The first line of defense was the Pennsylvania Department of Health. The department's job is to audit hospitals and outpatient medical facilities, like Gosnell's, to make sure that they follow the rules and provide safe care. The department had contact with the Women's Medical Society dating back to 1979, when it first issued approval to open an abortion clinic. It did not conduct another site review until 1989, ten years later. Numerous violations were already apparent, but Gosnell got a pass when he promised to fix them. Site reviews in 1992 and 1993 also noted various violations, but again failed to ensure they were corrected.
But at least the department had been doing something up to that point, however ineffectual. After 1993, even that pro form a effort came to an end. Not because of administrative ennui, although there had been plenty. Instead, the Pennsylvania Department of Health abruptly decided, for political reasons, to stop inspecting abortion clinics at all... The only exception to this live-and-let-die policy was supposed to be for complaints dumped directly on the department's doorstep. Those, at least, would be investigated. Except that there were complaints about Gosnell, repeatedly. Several different attorneys, representing women injured by Gosnell, contacted the department. A doctor from Children's Hospital of Philadelphia hand-delivered a complaint, advising the department that numerous patients he had referred for abortions came back from Gosnell with the same venereal disease. The medical examiner of Delaware County informed the department that Gosnell had performed an illegal abortion on a 14-year-old girl carrying a 30-week-old baby. And the department received official notice that a woman named Karnamaya Mongar had died at Gosnell's hands.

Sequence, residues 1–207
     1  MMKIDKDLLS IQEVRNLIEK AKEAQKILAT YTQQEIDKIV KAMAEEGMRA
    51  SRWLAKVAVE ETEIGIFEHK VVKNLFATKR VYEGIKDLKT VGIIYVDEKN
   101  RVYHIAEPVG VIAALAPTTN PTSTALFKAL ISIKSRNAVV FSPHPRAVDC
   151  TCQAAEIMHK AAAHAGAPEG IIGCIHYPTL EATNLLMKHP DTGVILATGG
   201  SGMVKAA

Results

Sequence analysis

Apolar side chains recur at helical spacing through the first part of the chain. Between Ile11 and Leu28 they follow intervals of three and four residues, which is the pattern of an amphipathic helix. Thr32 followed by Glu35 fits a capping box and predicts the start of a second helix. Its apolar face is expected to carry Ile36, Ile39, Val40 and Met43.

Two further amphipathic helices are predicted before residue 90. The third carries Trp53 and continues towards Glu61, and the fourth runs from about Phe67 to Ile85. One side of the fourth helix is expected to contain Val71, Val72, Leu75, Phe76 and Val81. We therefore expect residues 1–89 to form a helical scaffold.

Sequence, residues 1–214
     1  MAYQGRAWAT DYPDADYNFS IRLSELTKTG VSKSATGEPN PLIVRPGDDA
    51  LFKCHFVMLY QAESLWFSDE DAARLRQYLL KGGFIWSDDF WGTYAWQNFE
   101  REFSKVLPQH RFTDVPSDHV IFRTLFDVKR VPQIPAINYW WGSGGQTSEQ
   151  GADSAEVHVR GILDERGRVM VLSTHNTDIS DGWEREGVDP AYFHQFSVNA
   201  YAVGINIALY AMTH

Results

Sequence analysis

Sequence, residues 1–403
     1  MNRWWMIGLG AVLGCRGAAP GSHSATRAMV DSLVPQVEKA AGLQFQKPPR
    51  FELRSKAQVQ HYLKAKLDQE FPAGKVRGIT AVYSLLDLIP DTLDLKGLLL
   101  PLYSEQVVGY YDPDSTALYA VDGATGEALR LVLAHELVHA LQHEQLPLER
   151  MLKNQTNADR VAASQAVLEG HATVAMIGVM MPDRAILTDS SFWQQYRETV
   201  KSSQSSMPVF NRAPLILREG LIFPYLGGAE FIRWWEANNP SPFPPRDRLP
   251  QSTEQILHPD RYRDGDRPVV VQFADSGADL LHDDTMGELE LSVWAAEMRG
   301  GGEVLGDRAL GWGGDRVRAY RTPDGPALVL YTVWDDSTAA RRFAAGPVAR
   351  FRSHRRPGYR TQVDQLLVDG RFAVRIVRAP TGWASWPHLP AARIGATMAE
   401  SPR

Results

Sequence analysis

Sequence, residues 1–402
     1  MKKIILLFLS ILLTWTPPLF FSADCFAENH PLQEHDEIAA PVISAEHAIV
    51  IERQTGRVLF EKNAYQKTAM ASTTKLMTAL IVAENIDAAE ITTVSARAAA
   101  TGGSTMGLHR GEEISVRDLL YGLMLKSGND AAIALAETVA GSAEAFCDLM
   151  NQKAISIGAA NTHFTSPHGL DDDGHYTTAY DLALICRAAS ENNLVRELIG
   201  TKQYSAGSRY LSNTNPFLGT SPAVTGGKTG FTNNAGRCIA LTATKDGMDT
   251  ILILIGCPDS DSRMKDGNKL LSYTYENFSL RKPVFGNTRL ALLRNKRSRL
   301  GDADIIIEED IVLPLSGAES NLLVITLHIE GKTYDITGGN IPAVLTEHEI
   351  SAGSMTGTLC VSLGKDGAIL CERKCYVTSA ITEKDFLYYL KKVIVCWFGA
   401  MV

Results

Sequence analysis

Yet not one of these alarm bells -- not even Mrs. Mongar's death -- prompted the department to look at Gosnell or the Women's Medical Society... But even this total abdication by the Department of Health might not have been fatal. Another agency with authority in the health field, the Pennsylvania Department of State, could have stopped Gosnell single-handedly.
The Department of State, through its Board of Medicine, licenses and oversees individual physicians... Almost a decade ago, a former employee of Gosnell presented the Board of Medicine with a complaint that laid out the whole scope of his operation: the unclean, unsterile conditions; the unlicensed workers; the unsupervised sedation; the underage abortion patients; even the over-prescribing of pain pills with high resale value on the street. The department assigned an investigator, whose investigation consisted primarily of an offsite interview with Gosnell. The investigator never inspected the facility, questioned other employees, or reviewed any records. Department attorneys chose to accept this incomplete investigation, and dismissed the complaint as unconfirmed.